Saturday, January 22, 2005


By Joel Miller

WND, $24.95, 256 pages


By Jeffrey A. Miron

The Independent Institution, $15.95, 107 pages


For decades the U.S. government has attempted to suppress the use of illicit substances. Alcohol and tobacco once were on the prohibited list but now are legal. Cocaine and marijuana, which once were legal, are now banned. Two recent books persuasively argue that this campaign has been not just ineffective, but counterproductive. In the words of book editor Joel Miller, “Prohibition is supposed to make America better. In reality it makes it manifestly worse — just like a drug trip gone bad.”

The costs of substance abuse are obvious: Some people “ruin their lives with drugs,” notes Jeffrey Miron, an economics professor at Boston University. “The right question for policy analysis, however, is not whether drugs are sometimes misused but whether policy reduces that misuse, and at what cost.”

The answer of both authors is that the price paid by all of us is too high.

The drug war has little impact on demand. Looking back at alcohol Prohibition, Mr. Miron concludes that cirrhosis deaths fell by 10 to 20 percent, “far smaller than suggested by many advocates of prohibition.” Mr. Miron also points to the experience of dozen American states that decriminalized marijuana and foreign countries with less restrictive policies. Of the latter, he observes: “there is no evidence these countries have higher drug use rates; indeed the U.S. rate frequently exceeds that in most other countries.”

As for supply, law enforcement stops just 10 percent of the illicit supply. Indeed, prohibition turns smugglers into entrepreneurs. Writes Mr. Miller: “When dealers sound more like business-school graduates than hustlers and brand their products like desktop PCs and designer-name chef’s knives — all despite the best efforts of police — perhaps people should begin questioning whether those efforts actually serve any use.”

If drug prohibition was merely ineffective, it wouldn’t matter as much. But the policy imposes a high price on American society. Prohibition generates crime. Those who use drugs do so illegally. They often steal to fund habits made more expensive by prohibition. More important, notes Mr. Miller, “Because the illegality of the drug trade removes legal protection from its participants, the business is subject to brutality.” Traffickers settle their disputes with guns rather than lawsuits. In contrast, drugs themselves are not crimogenic.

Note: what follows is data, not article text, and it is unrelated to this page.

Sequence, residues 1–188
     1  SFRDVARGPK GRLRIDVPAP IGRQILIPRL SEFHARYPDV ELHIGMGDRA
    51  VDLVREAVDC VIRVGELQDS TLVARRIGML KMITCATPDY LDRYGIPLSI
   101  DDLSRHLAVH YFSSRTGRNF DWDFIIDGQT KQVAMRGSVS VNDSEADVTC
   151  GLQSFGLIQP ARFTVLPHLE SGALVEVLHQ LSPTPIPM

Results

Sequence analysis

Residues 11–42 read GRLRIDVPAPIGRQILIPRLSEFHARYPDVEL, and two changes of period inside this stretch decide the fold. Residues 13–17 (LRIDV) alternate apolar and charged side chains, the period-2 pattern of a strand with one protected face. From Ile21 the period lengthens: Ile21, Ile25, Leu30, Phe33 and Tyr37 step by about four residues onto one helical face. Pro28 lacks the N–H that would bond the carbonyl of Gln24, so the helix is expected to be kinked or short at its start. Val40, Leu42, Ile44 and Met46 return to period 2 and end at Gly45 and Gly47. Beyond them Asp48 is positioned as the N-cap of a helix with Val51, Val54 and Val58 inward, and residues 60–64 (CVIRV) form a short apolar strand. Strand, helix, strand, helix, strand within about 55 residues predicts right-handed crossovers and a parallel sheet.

Explains Mr. Miller: “An overwhelming percentage of drug users never thump old ladies, loot convenience stores, beat their children, or shoot police officers.”

Equally disturbing is the problem of corruption. There always have been bad cops, but ongoing, profitable criminal enterprises post the greatest temptation. Judges and politicians are equally susceptible to the lure of drug money. Writes Mr. Miller, “no other factor inflates corruption as much or as perniciously as drug prohibition.”

Of particular concern today is the impact of the drug war on terrorism. Notes Mr. Miller, “Thanks to inflated prices caused by global narcotics prohibition, whoring after state sponsors is no longer needed.” Instead, the Taliban can raise millions from opium production throughout the Afghan countryside.

Another casualty of the drug war is privacy. As Mr. Miller points out, the fact that drug abuse is a victimless (or, more accurately, self-victim) crime means that there is no complaining witness. It is hard to collect evidence against drug users without using searches, wiretaps, and snitches. Even so, winning convictions in drug cases isn’t easy. Thus, the government has increasingly relied on property seizures, which demand a lower standard of proof, to punish presumed wrongdoers. Yet Mr. Miller finds that the toll among the innocent is very high.

Particularly frightening is the increase in what Mr. Miller calls “drug-only offenders,” people who were not violent but were jailed, often for significant periods of time due to new mandatory minimums for drug crimes. Imprisonment encourages them to shift into a life of more violent crime, creating far more social harm than the drug use that otherwise would occur.

There is little good news in the drug war. The government has militarized law enforcement and turned homes and entire neighborhoods into war zones. Locking up ever more people hasn’t stopped the flow of drugs, which are available inside supposedly secure penitentiaries.

Proposals for decriminalization or legalization seem radical. But the only hope may be to treat drugs as a moral, spiritual, and health problem rather than a legal one. Mr. Miller notes the importance of “social controls” in limiting destructive behavior, which ultimate are more powerful than ill-enforced laws. America’s tradition of liberty should put the burden of proof on supporters of the drug war. After all, concludes Mr. Miron, “the goals of prohibition are questionable, the methods are unsound, and the results are deadly.”

Mr. Miller and Mr. Miron have presented a powerful case against the drug war. Drug prohibition is making Americans neither safer nor better off.

Doug Bandow is a Senior Fellow at the Cato Institute and the author of “The Politics of Envy: Statism as Theology.”

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